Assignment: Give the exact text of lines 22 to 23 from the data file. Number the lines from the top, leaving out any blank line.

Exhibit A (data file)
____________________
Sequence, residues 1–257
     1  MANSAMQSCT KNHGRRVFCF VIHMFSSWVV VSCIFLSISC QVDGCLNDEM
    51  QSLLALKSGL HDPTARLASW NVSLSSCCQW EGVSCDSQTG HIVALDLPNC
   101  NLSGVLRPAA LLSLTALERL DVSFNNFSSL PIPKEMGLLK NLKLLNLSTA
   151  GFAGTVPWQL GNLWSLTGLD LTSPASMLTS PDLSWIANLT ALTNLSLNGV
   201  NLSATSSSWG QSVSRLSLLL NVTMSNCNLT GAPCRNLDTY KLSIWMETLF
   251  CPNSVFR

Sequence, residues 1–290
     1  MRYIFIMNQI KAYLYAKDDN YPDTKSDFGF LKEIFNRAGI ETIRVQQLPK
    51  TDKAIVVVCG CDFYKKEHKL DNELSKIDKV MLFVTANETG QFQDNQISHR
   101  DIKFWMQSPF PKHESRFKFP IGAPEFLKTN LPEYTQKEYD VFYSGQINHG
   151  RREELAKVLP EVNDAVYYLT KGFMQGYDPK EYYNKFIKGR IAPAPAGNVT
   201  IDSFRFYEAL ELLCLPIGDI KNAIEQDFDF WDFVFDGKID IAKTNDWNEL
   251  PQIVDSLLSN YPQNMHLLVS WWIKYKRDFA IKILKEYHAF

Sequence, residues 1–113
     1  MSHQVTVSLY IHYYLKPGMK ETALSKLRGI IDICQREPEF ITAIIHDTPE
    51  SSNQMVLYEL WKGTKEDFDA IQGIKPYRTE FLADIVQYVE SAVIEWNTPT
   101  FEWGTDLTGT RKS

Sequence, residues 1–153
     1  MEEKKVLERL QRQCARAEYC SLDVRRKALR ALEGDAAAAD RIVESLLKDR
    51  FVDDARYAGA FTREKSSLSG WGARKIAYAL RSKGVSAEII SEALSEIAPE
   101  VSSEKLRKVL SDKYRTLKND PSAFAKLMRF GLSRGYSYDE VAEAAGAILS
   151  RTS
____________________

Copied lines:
   101  VSSEKLRKVL SDKYRTLKND PSAFAKLMRF GLSRGYSYDE VAEAAGAILS
   151  RTS